Dancing with the Devil: The Political Economy of Privatization in China

ISBN : 9780190682828

Yi-min Lin
288 Pages
156 x 235 mm
Pub date
Jul 2017
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From 1978 through the turn of the century, China was transformed from a state-owned economy into a predominantly private economy. This fundamental change took place under the Chinese Communist Party (CCP), which is ideologically mandated and politically predisposed to suppress private ownership. In Dancing with the Devil, Yi-min Lin explains how and why such an ironic and puzzling reality came about. The central thesis is that private ownership became a necessary evil for the CCP because the public sector was increasingly unable to address two essential concerns for regime survival: employment and revenue. Focusing on political actors as a major group of change agents, the book examines how their self-interested behavior led to the decline of public ownership. Demographics and the state's fiscal system provide the analytical coordinates for revealing the changing incentives and constraints faced by political actors and for investigating their responses and strategies. These factors help explain CCP leaders' initial decision to allow limited private economic activities at the outset of reform. They also shed light on the subsequent growth of opportunism in the behavior of lower level officials, which undermined the vitality of public enterprises. Furthermore, they hold a key to understanding the timing of the massive privatization in the late 1990s, as well as its tempo and spread thereafter. Dancing with the Devil illustrates how the driving forces developed and played out in these intertwined episodes of the story. In so doing, it offers new insights into the mechanisms of China's economic transformation and enriches theories of institutional change.


Privatization and Institutional Change: Toward an Eclectic Perspective
Driving Forces of Privatization
Political Actors as Change Agents: The Main Storyline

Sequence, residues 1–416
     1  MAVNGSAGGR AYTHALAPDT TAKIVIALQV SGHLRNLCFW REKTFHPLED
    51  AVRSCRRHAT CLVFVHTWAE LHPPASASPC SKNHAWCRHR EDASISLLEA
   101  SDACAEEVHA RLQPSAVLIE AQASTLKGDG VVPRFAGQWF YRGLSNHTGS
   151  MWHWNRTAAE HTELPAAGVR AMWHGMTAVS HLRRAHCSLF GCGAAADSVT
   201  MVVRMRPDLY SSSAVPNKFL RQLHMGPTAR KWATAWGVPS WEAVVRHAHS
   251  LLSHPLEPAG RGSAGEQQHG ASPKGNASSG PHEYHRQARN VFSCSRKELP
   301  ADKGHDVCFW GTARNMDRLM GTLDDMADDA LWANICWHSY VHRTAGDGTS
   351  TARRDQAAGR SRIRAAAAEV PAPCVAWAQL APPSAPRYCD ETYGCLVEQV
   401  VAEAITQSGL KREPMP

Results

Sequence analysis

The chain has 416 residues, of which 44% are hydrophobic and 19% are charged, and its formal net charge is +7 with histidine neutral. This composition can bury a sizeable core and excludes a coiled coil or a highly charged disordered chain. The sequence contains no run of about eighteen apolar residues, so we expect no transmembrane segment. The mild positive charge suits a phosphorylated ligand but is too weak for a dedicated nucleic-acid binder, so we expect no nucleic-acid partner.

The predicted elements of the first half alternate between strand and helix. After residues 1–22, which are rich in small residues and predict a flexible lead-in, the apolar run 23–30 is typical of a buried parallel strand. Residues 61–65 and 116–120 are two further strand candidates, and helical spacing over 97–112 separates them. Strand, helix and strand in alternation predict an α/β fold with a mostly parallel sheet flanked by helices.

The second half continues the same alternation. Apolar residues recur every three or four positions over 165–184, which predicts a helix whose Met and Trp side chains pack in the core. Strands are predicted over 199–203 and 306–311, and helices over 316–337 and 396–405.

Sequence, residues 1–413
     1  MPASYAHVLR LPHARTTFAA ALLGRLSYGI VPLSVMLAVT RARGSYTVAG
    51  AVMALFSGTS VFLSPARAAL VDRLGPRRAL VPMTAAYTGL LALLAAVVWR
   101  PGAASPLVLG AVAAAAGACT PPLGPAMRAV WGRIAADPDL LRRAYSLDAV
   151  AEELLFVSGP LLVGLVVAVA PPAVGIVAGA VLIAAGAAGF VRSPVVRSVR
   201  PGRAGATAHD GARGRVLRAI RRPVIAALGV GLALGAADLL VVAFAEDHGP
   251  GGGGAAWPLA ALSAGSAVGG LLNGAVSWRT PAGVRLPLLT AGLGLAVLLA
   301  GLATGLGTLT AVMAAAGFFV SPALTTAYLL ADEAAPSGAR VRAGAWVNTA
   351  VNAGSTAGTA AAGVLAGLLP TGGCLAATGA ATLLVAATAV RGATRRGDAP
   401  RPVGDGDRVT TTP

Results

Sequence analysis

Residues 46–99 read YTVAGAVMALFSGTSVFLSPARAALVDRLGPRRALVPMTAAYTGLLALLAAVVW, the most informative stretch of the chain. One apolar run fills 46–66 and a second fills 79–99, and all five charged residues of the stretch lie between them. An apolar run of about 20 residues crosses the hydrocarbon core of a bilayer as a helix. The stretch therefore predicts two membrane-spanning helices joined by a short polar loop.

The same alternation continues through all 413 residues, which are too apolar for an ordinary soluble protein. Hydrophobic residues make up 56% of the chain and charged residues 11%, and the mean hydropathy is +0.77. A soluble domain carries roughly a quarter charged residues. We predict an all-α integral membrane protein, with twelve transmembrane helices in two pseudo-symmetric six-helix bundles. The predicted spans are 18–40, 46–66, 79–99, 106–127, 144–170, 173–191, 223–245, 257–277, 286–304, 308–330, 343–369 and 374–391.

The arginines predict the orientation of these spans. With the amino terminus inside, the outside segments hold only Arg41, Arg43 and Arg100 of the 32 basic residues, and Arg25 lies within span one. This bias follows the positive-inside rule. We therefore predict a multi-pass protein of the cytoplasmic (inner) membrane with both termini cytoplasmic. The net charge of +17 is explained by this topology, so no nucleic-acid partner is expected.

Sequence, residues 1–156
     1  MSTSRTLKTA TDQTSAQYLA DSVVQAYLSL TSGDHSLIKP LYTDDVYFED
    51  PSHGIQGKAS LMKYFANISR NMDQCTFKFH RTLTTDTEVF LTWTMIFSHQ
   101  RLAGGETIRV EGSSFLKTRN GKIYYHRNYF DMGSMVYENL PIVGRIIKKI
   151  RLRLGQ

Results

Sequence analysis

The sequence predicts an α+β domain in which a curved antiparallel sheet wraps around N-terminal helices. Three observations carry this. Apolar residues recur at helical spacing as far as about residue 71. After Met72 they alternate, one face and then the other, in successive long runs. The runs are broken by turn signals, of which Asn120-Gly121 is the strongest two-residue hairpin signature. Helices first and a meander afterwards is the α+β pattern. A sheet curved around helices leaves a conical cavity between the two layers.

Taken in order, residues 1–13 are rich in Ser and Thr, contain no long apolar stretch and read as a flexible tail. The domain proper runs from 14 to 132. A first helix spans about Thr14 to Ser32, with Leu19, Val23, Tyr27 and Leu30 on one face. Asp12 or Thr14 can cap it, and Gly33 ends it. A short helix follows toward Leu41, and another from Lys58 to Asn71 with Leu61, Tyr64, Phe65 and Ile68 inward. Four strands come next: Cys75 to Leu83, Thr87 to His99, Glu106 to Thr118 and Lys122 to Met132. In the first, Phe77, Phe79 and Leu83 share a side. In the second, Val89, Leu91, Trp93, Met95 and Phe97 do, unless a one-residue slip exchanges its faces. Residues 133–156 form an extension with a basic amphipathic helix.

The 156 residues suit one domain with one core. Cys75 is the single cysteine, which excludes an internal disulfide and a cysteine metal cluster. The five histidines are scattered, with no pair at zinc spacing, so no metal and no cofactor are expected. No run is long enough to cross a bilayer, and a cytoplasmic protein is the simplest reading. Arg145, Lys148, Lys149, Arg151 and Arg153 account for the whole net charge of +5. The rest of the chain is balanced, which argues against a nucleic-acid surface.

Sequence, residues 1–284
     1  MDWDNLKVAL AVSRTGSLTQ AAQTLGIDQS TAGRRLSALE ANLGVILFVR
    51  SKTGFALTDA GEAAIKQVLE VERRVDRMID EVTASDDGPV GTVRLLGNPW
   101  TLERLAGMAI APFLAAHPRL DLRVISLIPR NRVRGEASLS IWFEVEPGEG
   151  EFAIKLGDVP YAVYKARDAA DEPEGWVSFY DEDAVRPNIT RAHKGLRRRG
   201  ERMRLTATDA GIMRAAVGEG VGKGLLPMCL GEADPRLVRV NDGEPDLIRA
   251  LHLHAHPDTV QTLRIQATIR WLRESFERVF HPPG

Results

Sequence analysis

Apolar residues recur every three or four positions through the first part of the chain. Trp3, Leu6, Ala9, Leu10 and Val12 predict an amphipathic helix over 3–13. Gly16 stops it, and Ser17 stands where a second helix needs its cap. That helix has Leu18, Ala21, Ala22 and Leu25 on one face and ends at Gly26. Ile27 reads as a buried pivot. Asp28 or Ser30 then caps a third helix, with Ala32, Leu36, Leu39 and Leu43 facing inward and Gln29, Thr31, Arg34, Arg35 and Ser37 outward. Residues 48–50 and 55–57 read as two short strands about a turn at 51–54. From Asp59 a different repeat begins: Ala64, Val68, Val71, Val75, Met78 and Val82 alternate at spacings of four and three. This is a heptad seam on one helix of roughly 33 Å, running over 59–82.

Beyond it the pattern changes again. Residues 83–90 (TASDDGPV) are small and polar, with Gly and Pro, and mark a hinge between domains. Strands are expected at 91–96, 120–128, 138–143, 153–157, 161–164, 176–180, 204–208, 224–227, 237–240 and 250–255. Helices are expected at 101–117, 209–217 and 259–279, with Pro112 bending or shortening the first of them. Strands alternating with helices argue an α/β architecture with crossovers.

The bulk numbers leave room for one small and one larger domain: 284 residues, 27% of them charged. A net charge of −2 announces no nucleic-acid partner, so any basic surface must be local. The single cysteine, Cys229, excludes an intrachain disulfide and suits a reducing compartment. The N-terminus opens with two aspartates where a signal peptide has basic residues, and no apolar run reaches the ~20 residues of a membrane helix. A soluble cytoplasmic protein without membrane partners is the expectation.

Note on Statistical Analyses, Data Sources and Chinese Materials
1. The Changing Fate of Private Ownership since 1949
Socialist Transformation and the Mao Era
From Getihu to Equal Protection of Public and Private Property Rights
Reversal or Moderation of Privatization?
Broad Trends of Change
Summary and Questions
2. Demographic Pressures
Structure and Change of the Post-1949 Population
Buildup of Employment Pressures
Labor Market: Occupational and Spatial Movements
Ageing and Old Age Support
3. The Evolving Structure of Public Finance
Unified Revenue and Spending
Fiscal Contracts
Revenue Partitioning
4. Careerism and Moral Hazard in Early Marketization
Large Is Beautiful: Political Performance Assessment under Economic Decentralization
The TVE Spectacle
The SOE Sideshow
5. Rule Bending for the Necessary Evil
Uneven Paces of Early Privatization
The Wenzhou Story Retold
Beyond Wenzhou
6. FDI and Privatization
Centrally Imposed Constraints and Local Rule Bending
FDI Entry Mode and Resource Dependence
Bi-polar Concentration of Risk Taking
7. The Tipping Point and Beyond
The Triggers
The Political Bandwagon
From Industrial Development to Urbanization
Asset Stripping and Insider Control
The End Game: SASAC and the Remaining SOEs
Institutional Stability and Unintended Consequences of Rule Compliance
Non-compliance and Political Risk Management
Path Dependence in Endogenous Institutional Change

About the author: 

Yi-min Lin is Associate Professor in the Social Science Division, Hong Kong University of Science and Technology. His research interests include political economy, organizations and institutions. He is also the author of Between Politics and Markets: Firms, Competition, and Institutional Change in Post-Mao China, published by Cambridge University Press.

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